Fatality rate in Papua New Guinea landslide rises to over 300

(MENAFN) The death toll from a catastrophic landslide in a remote area of northern Papua New Guinea has tragically climbed to over 300, as confirmed by lawmaker Aimos Akem on Saturday. The landslide, which struck the Maip-Mulitaka region in the early hours of Friday, caused extensive devastation, claiming numerous lives and destroying 1,182 houses in the Rural LLG area, according to local reports from the PNG Post Courier.

Aimos Akem, a member of parliament from Enga province, detailed the grim aftermath of the disaster, noting that more than 300 people were buried under the landslide's debris, with six villages in the region left devastated. Among the affected areas is Yambili village in Enga province, situated approximately 600 kilometers (372 miles) northwest of the capital, Port Moresby. Mark Ipuia, a local leader and former lawmaker, described the scene in Yambali village as engulfed in vast mounds of rubble caused by the landslide, which occurred around 3 a.m. (1700 GMT Thursday).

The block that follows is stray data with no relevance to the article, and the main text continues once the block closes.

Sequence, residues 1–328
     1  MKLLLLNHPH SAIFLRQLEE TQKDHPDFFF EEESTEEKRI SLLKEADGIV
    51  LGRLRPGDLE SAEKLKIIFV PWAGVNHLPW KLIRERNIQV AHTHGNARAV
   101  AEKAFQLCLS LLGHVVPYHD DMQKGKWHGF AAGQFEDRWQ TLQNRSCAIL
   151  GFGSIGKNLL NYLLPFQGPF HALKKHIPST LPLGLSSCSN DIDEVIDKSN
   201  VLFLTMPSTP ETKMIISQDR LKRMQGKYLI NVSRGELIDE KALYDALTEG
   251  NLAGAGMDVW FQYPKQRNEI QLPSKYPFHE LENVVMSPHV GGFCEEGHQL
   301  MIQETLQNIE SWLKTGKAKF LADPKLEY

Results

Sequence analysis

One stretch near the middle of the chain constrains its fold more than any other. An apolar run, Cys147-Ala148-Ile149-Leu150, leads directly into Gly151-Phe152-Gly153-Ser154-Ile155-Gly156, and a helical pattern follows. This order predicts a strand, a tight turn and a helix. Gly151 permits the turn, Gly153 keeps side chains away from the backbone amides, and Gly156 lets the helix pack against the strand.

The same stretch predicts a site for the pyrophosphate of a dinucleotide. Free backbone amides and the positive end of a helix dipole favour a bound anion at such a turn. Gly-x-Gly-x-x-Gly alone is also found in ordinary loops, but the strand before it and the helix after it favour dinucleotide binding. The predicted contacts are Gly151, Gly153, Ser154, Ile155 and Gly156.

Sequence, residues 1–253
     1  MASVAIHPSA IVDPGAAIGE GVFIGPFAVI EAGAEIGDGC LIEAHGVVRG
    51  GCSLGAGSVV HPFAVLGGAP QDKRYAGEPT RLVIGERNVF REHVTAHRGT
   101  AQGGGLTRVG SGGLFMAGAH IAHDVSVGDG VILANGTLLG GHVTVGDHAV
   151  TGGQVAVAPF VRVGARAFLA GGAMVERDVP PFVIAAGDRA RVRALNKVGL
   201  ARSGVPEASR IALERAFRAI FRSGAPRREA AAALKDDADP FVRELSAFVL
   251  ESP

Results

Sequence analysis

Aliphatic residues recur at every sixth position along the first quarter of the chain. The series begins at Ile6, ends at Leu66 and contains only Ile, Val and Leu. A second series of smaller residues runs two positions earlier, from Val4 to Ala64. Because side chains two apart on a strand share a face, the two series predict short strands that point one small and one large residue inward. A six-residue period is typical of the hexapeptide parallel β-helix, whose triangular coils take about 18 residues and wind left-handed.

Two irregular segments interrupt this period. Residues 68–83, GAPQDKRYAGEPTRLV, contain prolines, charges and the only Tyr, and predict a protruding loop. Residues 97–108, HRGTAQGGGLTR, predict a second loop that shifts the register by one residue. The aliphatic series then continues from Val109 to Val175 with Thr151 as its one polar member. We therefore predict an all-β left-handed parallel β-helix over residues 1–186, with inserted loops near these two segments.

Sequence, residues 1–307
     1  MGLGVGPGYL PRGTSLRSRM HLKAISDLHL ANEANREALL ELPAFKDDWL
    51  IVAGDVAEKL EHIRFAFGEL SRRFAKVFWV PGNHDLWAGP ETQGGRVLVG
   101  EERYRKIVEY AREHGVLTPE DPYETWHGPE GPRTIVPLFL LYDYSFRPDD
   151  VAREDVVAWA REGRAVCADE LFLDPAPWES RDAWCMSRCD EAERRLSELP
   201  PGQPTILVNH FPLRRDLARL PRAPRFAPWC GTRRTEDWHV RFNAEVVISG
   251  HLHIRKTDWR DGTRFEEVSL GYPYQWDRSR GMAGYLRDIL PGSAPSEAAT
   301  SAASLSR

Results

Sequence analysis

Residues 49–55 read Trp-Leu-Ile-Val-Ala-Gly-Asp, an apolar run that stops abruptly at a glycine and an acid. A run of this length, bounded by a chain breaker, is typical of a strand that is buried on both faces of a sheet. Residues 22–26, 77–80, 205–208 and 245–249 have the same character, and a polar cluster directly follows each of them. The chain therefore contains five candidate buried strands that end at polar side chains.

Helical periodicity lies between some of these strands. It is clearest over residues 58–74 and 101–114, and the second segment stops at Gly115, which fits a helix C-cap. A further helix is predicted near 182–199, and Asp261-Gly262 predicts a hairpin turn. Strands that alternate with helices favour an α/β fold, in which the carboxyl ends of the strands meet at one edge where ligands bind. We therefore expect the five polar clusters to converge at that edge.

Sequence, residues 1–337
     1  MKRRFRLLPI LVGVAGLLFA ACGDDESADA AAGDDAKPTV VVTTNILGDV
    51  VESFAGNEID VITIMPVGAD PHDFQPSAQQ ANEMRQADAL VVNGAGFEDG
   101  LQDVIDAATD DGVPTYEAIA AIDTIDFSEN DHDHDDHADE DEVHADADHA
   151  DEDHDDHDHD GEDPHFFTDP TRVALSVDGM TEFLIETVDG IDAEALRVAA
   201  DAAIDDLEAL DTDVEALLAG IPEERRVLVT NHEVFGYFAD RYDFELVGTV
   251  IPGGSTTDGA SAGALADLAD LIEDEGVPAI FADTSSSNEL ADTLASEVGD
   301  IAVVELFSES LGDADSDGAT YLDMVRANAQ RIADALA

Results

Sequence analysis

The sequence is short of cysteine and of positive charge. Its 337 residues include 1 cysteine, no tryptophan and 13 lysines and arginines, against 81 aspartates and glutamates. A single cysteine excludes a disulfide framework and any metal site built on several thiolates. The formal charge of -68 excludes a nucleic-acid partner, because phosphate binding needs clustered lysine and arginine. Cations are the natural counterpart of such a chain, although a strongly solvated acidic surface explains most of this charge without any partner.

Despite these harrowing reports, local authorities have yet to officially confirm the exact death toll from the landslide. Furthermore, the disaster has led to the blockage of a crucial road linking to the town of Porgera, where a significant gold mine is located.

In response to the tragedy, both the United States and Australia have extended offers of assistance to the Papua New Guinea government. President Joe Biden and his wife expressed their heartfelt concern for the affected individuals, while Australian Foreign Minister Penny Wong affirmed Canberra's readiness to provide support during this difficult time.



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